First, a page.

## Problem 3. Balancing a Tree

Contest has ended.

Farmer John has conducted an extensive study of the evolution of different cow breeds. The result is a rooted tree with $N$ ($2\le N\le 10^5$) nodes labeled $1\ldots N$, each node corresponding to a cow breed. For each $i\in [2,N]$, the parent of node $i$ is node $p_i$ ($1\le p_i<i$), meaning that breed $i$ evolved from breed $p_i$. A node $j$ is called an ancestor of node $i$ if $j=p_i$ or $j$ is an ancestor of $p_i$.

Every node $i$ in the tree is associated with a breed having an integer number of spots $s_i$. The "imbalance" of the tree is defined to be the maximum of $|s_i-s_j|$ over all pairs of nodes $(i,j)$ such that $j$ is an ancestor of $i$.

Farmer John doesn't know the exact value of $s_i$ for each breed, but he knows lower and upper bounds on these values. Your job is to assign an integer value of $s_i \in [l_i,r_i]$ ($0\le l_i\le r_i\le 10^9$) to each node such that the imbalance of the tree is minimized.

#### INPUT FORMAT (input arrives from the terminal / stdin):

The first line contains $T$ ($1\le T\le 10$), the number of independent test cases to be solved, and an integer $B\in \{0,1\}$.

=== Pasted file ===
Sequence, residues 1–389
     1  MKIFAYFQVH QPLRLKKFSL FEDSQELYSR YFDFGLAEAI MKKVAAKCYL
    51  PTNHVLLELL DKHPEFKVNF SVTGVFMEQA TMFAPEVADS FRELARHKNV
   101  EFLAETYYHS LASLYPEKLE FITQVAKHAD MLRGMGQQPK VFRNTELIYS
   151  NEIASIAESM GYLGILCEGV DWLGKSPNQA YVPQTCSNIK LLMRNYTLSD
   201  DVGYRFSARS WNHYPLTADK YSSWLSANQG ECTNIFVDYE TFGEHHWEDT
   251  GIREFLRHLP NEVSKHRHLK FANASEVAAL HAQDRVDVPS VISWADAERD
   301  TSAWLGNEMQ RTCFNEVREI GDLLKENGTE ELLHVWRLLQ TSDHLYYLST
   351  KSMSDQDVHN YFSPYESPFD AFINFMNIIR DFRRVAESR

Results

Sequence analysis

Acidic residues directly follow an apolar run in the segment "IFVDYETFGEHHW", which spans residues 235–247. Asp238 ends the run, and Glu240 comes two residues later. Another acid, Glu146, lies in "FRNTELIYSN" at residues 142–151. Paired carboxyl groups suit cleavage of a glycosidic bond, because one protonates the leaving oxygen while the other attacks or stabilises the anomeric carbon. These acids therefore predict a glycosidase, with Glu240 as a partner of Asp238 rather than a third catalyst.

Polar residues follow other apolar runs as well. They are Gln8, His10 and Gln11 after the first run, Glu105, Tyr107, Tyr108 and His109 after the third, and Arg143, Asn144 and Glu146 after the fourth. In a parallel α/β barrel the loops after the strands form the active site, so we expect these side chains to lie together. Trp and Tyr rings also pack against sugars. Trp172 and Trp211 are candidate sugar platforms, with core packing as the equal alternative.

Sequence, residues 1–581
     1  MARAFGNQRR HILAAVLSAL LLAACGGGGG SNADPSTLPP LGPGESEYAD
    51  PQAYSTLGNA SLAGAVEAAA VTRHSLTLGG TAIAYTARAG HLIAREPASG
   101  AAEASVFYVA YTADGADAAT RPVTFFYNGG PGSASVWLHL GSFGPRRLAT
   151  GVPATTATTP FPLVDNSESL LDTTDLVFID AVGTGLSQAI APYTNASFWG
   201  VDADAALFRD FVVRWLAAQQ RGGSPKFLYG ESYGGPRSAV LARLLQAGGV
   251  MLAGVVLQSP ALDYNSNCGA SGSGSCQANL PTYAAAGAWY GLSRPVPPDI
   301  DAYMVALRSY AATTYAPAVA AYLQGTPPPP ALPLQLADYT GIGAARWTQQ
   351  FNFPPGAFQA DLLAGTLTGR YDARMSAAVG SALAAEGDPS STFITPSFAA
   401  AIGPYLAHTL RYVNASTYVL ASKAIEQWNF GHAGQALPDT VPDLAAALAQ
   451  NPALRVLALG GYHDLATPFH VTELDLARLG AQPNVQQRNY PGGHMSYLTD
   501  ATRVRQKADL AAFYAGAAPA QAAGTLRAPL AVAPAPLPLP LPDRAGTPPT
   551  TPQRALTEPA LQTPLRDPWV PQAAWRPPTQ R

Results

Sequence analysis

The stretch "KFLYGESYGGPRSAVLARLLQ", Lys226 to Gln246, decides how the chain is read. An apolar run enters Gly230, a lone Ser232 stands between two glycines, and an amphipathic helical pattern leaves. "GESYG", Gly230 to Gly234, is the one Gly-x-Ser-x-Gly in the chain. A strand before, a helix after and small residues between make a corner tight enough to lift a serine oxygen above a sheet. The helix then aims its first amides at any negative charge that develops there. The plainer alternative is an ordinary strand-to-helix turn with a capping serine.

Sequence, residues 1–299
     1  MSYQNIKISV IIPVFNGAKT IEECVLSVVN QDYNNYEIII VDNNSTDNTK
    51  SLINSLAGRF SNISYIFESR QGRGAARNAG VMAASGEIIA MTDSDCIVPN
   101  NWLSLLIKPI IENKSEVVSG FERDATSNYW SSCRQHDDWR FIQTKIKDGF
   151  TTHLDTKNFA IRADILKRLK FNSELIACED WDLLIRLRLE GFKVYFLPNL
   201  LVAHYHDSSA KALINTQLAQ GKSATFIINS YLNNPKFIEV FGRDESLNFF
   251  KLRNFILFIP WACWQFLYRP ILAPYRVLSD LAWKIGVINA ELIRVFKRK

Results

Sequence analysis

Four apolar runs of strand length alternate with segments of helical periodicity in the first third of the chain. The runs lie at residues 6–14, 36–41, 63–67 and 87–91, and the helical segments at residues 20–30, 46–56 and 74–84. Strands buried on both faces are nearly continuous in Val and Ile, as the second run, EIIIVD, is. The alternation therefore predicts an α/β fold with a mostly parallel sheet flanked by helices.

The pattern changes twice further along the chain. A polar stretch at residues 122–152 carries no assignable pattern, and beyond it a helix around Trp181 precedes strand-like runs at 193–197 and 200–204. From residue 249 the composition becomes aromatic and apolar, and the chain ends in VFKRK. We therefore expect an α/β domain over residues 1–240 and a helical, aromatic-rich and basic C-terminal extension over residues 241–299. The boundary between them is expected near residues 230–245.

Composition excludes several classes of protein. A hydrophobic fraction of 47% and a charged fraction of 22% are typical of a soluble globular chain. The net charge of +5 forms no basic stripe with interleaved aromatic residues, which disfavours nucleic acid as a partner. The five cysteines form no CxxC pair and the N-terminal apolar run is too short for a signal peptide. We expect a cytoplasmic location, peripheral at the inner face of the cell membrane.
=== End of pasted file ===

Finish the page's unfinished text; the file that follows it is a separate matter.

Each test case starts with a line containing $N$, followed by $N-1$ integers $p_2,p_3,\ldots,p_N$.

The next $N$ lines each contain two integers $l_i$ and $r_i$.

It is guaranteed that the sum of $N$ over all test cases does not exceed $10^5$.

#### OUTPUT FORMAT (print output to the terminal / stdout):

For each test case, output one or two lines, depending on the value of $B$.

The first line for each test case should contain the minimum imbalance.

If $B=1,$ then print an additional line with $N$ space-separated integers $s_1,s_2,\ldots, s_N$ containing an assignment of spots that achieves the above imbalance. Any valid assignment will be accepted.

#### SAMPLE INPUT:

3 0
3
1 1
0 100
1 1
6 7
5
1 2 3 4
6 6
1 6
1 6
1 6
5 5
3
1 1
0 10
0 1
9 10


#### SAMPLE OUTPUT:

3
1
4


For the first test case, the minimum imbalance is $3$. One way to achieve imbalance $3$ is to set $[s_1,s_2,s_3]=[4,1,7]$.

#### SAMPLE INPUT:

3 1
3
1 1
0 100
1 1
6 7
5
1 2 3 4
6 6
1 6
1 6
1 6
5 5
3
1 1
0 10
0 1
9 10


#### SAMPLE OUTPUT:

3
3 1 6
1
6 5 5 5 5
4
5 1 9


This input is the same as the first one aside from the value of $B$. Another way to achieve imbalance $3$ is to set $[s_1,s_2,s_3]=[3,1,6]$.

#### SCORING:

• Test cases 3-4 satisfy $l_i=r_i$ for all $i$.
• Test cases 5-6 satisfy $p_i=i-1$ for all $i$.
• Test cases 7-16 satisfy no additional constraints.

Within each subtask, the first half of the test cases will satisfy $B=0$, and the rest will satisfy $B=1$.

Problem credits: Andrew Wang

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